An Exploration into the Municipal Capacity to Finance Capital Infrastructure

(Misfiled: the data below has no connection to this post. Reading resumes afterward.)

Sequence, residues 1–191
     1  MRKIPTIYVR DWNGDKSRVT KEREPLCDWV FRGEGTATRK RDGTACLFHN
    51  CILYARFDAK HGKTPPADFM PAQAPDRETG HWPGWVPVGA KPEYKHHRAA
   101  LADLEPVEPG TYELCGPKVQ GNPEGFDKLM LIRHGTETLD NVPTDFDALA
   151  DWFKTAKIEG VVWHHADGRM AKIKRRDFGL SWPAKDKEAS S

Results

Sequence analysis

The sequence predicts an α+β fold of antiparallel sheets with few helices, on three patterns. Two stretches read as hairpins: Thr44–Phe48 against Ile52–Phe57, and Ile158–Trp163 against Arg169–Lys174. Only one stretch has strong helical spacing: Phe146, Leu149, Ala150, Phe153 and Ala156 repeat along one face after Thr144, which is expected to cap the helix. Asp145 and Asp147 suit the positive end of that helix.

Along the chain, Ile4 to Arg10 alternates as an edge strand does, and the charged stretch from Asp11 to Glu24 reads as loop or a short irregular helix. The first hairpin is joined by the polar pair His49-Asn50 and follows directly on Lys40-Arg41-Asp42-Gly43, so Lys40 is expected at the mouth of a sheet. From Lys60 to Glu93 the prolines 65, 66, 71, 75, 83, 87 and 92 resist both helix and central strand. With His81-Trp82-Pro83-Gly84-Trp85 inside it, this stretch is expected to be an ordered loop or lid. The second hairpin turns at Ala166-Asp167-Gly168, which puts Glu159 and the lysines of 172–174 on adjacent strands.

AbstractMunicipal governments own and maintain two-thirds of Canada’s stock of public infrastructure. This burden is met by municipalities within the parameters afforded to them by their respective provinces. As a result, municipalities throughout the country rely on three primary revenue streams: issuing debt, financing from dedicated revenue and transfers from higher levels of government. At the same time, strict rules on borrowing, sometimes self-imposed, have left municipalities with considerable unrealized borrowing capacity. Importantly, a shift towards increased borrowing, away from a reliance on intergovernmental grants, would reinforce the linkage between local government spending and accountability and keep spending priorities in order. This paper focuses on infrastructure spending in Alberta and Ontario to illuminate how municipalities in both provinces cope with demands to provide capital- and labour-intensive programs and services. In both provinces, transportation, environmental services and recreation and culture comprise the bulk of infrastructure expenditure. In Ontario, as of 2013, 18 of the largest municipalities held assets valued at $111.8 billion. After accumulated depreciation, those assets are now estimated to be worth $73.8 billion, having lost $38 billion in value since their acquisition — although municipalities’ diligence varies. Mississauga has preserved 82.6 per cent of its assets’ original cost; Thunder Bay has only managed 45.6 per cent. In Alberta, 21 of the largest municipalities held assets valued at $51.7 billion in 2013, although thanks to depreciation, their value is now estimated at $37.8 billion. Again, there is significant variability between municipalities, with Wood Buffalo having preserved 98.6 per cent of its assets’ original value, and Crowsnest Pass with 43.9 per cent. In both provinces, the older the municipality and the weaker its fiscal capacity, the lower the net book value of its capital assets. While an ongoing nation-wide shift to modified accrual accounting has encouraged municipalities to plan long-term, the legacy of past decisions means that substantial underinvestment in infrastructure exists, and that the net book value of municipal assets is generally below the cost of their acquisition. Through an examination of municipal budgeting and the revenue-generating means at municipalities’ disposal, this paper argues that fiscal policy reform is essential, if municipalities are to serve Canadians to the best of their abilities.
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